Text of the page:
The Best Offense

The Best Offense

Fish, Annalisa
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The secret to keeping those small nagging pains from becoming chronic injuries is often early intervention. Here are a few tips for some common pains you may encounter this winter.

Knee Pain

SCENARIO: After half a day of skiing, you notice some mild pain around your knee. There hasn’t been any trauma to the knee, just a gradual onset of pain.

WHAT TO DO: The stress on your quads during the opening runs has taken its toll and you need to slowly work your way back into the ski season. Back at the lodge or your car, perform some stretches, focusing on the quads and hamstrings (Fig. 1, 2). And use your glutes—by engaging your gluteal muscles more while skiing, it will take some stress off the quadriceps and knees.

 

Foot Pain

SCENARIO: You hiked the Ridge yesterday, and today you have foot and heel pain. In fact, it hurts so badly that you can hardly walk this morning. As your day goes on, the foot starts to feel a little better but you still struggle to maintain a normal walking pattern.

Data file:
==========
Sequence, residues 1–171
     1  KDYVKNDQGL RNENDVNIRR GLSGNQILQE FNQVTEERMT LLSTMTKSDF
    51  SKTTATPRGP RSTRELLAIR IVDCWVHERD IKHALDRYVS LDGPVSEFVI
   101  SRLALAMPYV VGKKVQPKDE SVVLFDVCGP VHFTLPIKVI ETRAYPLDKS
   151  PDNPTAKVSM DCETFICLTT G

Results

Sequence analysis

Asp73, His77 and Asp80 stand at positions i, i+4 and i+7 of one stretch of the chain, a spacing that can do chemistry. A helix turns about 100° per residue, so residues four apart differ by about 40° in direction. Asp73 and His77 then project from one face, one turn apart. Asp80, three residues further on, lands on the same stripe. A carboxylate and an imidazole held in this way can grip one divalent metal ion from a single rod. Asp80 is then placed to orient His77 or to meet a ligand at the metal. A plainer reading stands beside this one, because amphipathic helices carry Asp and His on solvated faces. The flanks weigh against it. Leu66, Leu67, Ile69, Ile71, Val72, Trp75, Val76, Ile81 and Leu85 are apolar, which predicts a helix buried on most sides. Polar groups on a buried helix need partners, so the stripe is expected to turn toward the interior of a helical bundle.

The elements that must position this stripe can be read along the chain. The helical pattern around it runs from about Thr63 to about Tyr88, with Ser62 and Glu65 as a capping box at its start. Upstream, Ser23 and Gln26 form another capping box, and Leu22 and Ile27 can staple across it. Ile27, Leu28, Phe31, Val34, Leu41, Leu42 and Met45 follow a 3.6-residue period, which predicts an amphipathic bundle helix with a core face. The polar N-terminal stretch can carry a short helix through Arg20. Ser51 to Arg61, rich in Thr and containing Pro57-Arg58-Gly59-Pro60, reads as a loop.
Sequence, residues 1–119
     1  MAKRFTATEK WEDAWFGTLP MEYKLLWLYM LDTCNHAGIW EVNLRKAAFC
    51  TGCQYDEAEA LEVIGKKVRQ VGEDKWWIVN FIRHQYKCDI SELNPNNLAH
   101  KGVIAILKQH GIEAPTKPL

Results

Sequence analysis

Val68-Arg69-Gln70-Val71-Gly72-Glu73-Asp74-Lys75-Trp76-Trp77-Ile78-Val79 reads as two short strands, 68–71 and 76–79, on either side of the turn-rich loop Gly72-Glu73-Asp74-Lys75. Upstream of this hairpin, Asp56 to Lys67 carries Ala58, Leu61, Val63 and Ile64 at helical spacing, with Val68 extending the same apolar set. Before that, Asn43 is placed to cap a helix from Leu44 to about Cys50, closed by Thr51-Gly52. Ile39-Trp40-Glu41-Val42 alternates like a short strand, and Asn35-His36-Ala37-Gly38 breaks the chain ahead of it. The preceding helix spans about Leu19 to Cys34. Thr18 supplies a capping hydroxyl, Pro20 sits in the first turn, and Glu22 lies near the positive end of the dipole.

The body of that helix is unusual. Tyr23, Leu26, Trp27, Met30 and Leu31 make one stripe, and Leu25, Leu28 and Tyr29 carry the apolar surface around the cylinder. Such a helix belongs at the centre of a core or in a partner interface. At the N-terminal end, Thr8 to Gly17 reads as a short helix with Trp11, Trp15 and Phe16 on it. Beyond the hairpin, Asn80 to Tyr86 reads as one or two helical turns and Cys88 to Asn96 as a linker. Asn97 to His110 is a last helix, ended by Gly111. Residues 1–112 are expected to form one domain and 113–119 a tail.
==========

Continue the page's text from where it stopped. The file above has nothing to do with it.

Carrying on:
WHAT TO DO: This could be the start of a condition called plantar fasciitis (an inflammation of the broad ligament at the bottom of your foot). Gently stretch the calf muscle, as this will help elongate the tissue at the foot (Fig. 4, 5). Take stress off the plantar fascia; continued irritation can prolong the healing process. Wear shoes with an arch support, or tape the foot to take off some of the pressure. Until you feel better, try doing some other activities for a short period that doesn’t aggravate the condition.

 

Shin Pain

SCENARIO: The day following a long snowshoe, your shins are really aching. The motion during snowshoeing required an increased use of your shin muscle compared to walking; the repetitive overuse of this muscle tugged on the shinbone and caused irritation to its outer layers.

WHAT TO DO: Provide stability to the shin using a compression sock or ace bandage. Ice the shin, and then stretch the shin and calf muscles (Fig. 3, 4, 5). Gentle self-massage to the painful area can also be helpful. Ease your way back to activity; once the pain has calmed down and you can walk without pain, shorten the duration and intensity of the snowshoe. Slowly progress as pain allows.

 

Annalisa Fish, DPT is a Doctor of Physical Therapy at Vail Physical Therapy in Bozeman.

Photo by Patrick Orton

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